The Bluest Eye


Essay on The Bluest Eye

There are many themes that seem to run throughout this story. Each theme and conflict seems to always involve the character of Pecola Breedlove. There is the theme of finding an identity. There is also the theme of Pecola as a victim. Of all the characters in the story we can definitely sympathize with Pecola because of the many harsh circumstances she has had to go through in her lifetime. Perhaps her rape was the most tragic and dramatic experience Pecola had experiences, but nonetheless she continued her life. She eliminates her sense of ugliness, which lingers in the beginning of the story, and when she sees that she has blue eyes now she changes her perspective on life. She believes that these eyes have been given to her magically and in some respects her eyes begin to corrupt her as an individual. The story begins to take a turn and the reader realizes that the main character has begun to entirely rely on self-image in order to build confidence. This leads to the question of how significant are the "Blue eyes" to society and how does the theme of beauty and ugliness linger throughout the story. With this in mind, how does this make Pecola a victim of society and a victim in herself?
If any person can be credited for creating the obsession of beauty that Pecola builds it is Pauline (Pecola?s mother). Pecola experiences many insecurities and it can definitely be said that many of these are because of the way that Pauline acts in society and around Pecola. It was stated in the story that Pauline would always go to the movies and rate the characters on their beauty. This is one example that shows the obsession that Pauline has with beauty and looks. This rubbed off on to her daughter and that is where Pecola received her lack of self-esteem. It is clear that Pecola idolizes the ideals of being beautiful. It is interesting that Pecola is not the person telling the story in this book, and it is Claudia instead. It seems that the author wants the reader to build an immense amount of sympathy for Pecola because it would just be less effective if Pecola was telling the story. If it Pecola that was narrating in many parts then it would be more difficult to see her as a "total victim".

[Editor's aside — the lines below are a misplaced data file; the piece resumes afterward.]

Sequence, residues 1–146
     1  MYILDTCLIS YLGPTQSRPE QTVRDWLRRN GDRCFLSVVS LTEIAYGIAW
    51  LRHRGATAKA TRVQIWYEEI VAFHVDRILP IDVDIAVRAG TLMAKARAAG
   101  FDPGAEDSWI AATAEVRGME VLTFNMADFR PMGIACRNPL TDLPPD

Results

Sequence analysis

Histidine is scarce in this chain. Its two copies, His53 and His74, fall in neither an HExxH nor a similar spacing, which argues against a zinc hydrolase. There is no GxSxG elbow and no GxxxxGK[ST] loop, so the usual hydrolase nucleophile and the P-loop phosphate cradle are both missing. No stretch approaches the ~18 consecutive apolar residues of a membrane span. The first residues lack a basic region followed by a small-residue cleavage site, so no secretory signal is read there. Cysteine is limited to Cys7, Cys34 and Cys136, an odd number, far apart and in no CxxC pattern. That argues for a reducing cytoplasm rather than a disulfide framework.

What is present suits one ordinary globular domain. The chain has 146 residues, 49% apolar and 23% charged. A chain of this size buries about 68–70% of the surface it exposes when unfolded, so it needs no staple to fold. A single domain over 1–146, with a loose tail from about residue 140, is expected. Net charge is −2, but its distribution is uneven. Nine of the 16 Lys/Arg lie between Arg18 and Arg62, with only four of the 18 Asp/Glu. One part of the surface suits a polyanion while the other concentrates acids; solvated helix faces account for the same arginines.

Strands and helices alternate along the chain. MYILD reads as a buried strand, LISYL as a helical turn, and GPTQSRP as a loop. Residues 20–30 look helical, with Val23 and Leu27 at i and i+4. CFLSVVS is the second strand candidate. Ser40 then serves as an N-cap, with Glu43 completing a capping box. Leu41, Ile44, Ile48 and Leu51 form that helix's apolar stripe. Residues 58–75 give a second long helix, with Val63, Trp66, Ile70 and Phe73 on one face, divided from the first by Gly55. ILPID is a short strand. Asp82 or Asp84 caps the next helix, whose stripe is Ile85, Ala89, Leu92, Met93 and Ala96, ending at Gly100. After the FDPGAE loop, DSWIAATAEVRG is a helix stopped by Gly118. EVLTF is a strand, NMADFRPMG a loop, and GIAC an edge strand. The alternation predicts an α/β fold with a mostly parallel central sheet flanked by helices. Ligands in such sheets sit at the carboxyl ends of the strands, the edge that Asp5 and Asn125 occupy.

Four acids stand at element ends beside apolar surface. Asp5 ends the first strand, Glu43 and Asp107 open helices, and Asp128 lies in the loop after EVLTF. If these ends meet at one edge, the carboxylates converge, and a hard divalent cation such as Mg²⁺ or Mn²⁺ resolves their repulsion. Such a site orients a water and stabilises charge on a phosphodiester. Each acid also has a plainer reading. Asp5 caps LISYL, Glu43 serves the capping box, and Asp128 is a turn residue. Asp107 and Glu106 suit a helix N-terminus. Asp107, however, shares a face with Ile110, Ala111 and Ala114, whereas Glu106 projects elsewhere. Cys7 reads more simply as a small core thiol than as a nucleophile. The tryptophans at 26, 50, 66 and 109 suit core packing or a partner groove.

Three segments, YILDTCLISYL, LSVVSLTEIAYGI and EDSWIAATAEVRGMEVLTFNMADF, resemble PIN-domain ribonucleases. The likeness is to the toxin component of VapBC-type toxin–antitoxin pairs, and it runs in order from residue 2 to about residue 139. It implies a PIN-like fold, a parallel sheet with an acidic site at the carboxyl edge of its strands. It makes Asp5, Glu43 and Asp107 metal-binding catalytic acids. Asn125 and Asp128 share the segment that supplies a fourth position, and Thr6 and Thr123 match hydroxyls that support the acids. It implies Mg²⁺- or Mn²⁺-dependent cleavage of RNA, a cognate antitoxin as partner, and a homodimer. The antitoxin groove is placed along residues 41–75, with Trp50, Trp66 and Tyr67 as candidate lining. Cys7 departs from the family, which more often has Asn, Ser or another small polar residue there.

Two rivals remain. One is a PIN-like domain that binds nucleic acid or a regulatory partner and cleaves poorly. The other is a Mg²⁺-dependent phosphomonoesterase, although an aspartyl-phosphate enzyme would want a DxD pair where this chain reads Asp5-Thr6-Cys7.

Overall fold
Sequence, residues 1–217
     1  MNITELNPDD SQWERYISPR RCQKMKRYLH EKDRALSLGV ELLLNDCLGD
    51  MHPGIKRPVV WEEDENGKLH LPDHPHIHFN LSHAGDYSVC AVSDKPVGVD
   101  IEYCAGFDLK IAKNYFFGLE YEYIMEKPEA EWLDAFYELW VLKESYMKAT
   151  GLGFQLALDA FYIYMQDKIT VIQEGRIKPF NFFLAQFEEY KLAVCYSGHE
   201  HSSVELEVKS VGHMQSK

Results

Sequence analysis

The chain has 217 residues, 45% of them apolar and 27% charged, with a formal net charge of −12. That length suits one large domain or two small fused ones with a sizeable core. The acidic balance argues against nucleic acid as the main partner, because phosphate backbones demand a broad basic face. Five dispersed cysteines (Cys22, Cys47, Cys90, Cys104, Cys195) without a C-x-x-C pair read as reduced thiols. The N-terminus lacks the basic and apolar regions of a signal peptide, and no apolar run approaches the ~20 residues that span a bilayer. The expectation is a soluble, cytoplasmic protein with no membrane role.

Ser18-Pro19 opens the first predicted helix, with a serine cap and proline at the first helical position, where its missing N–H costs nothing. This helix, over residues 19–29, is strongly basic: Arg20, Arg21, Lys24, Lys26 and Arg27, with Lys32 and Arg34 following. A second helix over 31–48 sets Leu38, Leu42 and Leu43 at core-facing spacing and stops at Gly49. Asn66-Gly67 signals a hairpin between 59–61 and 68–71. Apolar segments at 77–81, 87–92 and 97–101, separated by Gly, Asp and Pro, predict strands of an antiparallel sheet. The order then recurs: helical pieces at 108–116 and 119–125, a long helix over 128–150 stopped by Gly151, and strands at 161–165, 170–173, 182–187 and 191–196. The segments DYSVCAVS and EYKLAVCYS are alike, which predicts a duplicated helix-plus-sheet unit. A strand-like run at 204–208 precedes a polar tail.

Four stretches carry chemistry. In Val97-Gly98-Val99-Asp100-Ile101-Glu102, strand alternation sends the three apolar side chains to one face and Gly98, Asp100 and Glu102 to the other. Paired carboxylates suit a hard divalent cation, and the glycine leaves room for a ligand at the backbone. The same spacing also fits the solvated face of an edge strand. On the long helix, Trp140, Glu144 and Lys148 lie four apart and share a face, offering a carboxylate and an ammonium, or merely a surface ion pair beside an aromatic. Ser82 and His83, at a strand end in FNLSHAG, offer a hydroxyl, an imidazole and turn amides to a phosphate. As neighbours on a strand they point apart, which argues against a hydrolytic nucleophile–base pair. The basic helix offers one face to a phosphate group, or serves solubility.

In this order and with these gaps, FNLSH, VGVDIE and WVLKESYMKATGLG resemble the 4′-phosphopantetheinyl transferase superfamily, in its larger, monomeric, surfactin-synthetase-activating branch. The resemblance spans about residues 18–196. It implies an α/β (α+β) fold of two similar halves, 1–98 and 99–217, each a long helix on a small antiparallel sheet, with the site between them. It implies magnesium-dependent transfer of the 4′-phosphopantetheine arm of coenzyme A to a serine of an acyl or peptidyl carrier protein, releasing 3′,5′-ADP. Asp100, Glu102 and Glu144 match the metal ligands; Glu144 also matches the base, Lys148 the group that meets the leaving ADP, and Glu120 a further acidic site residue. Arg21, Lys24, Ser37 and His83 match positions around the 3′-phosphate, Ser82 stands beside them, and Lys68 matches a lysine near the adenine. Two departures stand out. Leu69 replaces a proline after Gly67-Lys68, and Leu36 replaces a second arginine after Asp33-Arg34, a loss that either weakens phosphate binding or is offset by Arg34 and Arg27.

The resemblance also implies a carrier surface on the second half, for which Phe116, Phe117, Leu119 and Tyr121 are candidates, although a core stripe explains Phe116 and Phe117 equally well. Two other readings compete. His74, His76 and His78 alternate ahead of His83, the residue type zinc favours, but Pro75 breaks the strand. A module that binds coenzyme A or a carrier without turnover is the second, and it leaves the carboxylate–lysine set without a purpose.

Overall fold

The structure and way this book is organized is a good clue of how Morrison wants us to see Pecola?s and all black peoples situations. Instead of ordinary chapters, this book is organized by season. This might be implying that this isn?t a story that has a beginning and an end?it is an ongoing one. A season is a reoccurring phenomenon, which a society nor any individual can get around. Perhaps this is what is trying to be said about Pecola?s situation because she is truly trapped. The culture that Pecola is in has very little future and hope, and pretty much everything that has happened once will happen again. In other words Pecola will always be a victim and more circumstances will come along which will push her further towards being a "total victim".
Throughout the story there is a strong sense of abandonment on Pecola?s part. She is a lonely character that is heavily influenced by society and what it thinks. Pecola is very concerned on meeting the standard in society despite her past life. She is determined but in some respects this is one of the downfalls to her character. "Why, she wonders, do people cal them weeds? She though they were pretty". Mr. Yacobowski humiliates her, and she passes the dandelions and thinks, "They are ugly and they are most definitely weeds". This shows how Pecola can easily be manipulated by others and society. In a sense, Pecola has transferred society?s dislike for her to the dandelions. She cannot accept the fact that she is not wanted. At one point in the story the narrator says, "We tried to see [Pecola] without looking at her, and never went near. Not because she was absurd or repulsive, or because we were frightened, but because we had failed her. Our flowers never grew so we avoided her forever. The years folded up like a pocket-handkerchief. Sammy left town long